The criminal code of Canada is a federal statue of the government of Canada, it was led into formation following section 91(27) of the Constitution act by the Parliament of Canada. This amendment gives the right to the federal government to legislate criminal offences in Canada. The criminal code contains the majority of the criminal offences that have been created by the Parliament while other criminal offences have been embedded into different federal statues, the code dictates the type and level of offences for which punishments can be imposed, it also dictates the methods that should be followed for prosecution.
Amendments and Unifications
The original enactment of the criminal code of Canada was held in 1892. It has never been fully revised although there have been consolidations in 1906, 1927 and 1953. To reconcile and rectify inconstancies, the consolidation of 1953 was put forth in motion which abolished all common-law offences, and it has safeguarded common law defences, justification, and excuses.
To keep with the technological, social, and economical changes in the society, amendments to the code are made almost on a yearly basis. New offences have been created like the use of credit cards, hijacking of aircraft etc. more changes have also been updated into the existing offences, such as those that have occurred recently which concern sexual assault and impaired driving offence.
Methods and Enactments
The first phase of the criminal code of Canada is comprised of enactments of the general principles followed by the parts that create offences. These are categorized into different parts such as offences against a person, offences against the administration, offences against property, currency offences, sexual offences and conspiracies.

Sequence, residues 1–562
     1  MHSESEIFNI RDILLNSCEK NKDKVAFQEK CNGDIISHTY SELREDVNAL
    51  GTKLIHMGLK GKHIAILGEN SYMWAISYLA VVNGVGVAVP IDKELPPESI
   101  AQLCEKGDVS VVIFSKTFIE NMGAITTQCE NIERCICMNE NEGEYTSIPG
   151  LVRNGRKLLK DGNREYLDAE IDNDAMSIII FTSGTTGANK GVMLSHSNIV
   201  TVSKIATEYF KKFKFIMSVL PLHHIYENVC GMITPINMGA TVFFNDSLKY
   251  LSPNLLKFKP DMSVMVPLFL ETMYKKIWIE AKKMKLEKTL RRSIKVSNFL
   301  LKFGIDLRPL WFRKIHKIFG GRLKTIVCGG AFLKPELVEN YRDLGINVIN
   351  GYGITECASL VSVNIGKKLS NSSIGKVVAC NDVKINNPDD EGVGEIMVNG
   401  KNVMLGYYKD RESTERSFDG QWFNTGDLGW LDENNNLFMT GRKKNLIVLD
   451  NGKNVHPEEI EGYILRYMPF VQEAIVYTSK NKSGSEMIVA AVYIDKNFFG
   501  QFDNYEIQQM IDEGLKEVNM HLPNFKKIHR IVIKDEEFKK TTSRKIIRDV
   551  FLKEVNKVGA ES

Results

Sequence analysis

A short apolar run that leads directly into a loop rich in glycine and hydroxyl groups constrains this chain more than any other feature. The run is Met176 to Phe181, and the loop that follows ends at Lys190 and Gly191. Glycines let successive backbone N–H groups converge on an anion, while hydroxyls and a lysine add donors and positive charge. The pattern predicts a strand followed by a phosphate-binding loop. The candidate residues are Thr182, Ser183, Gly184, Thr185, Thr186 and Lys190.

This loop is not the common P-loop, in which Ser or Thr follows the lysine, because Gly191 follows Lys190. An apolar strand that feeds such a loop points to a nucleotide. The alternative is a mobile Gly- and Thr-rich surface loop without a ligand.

The remaining phase is focused on the procedure and sentencing. An estimated 40% of the criminal code deals with the criminal law procedure. The other 60% comprises of the definitions of criminal law offences, the stated code for some of the defences may be liable to change from time to time but the final sentencing option is only available and is the domain of the judges.
Because the code has been criticized majorly for not reflecting the sentiments of the people of Canada, the Canadian Reform commission was abolished in 1993 and a bill was proclaimed in 1196 which majorly changes the criminal code regarding sentencing.
The Amendments of 1996
The criminal law throughout the course of history has treated the offence as being against the community, rather than being against an individual and a result of this practice the individual victims have often felt outside the criminal justice process. The amendment of 1996 has amended the sentencing provision of the criminal code. When deciding an offender’s sentence, the courts are now responsible to consider written statements of the victims that clearly and transparently describe the harm done to them or the losses that they have suffered because of the offence. The orders can only be enforced through the process of civil execution.
The court can now play a more active role in the rehabilitation process of an individual offender due to the changes made in the criminal code. For example, the conditional sentence allows a judge to impose a term of imprisonment. This sentence allows the convicted offender to serve their term punishment within the community on condition that allows supervision of the said offender.
The provisions have been designed to respond to the need of the people of Canada in regards to criminal offences that are committed to them, it also now recognizes that prison should always be the last resort, justifiable only when necessary.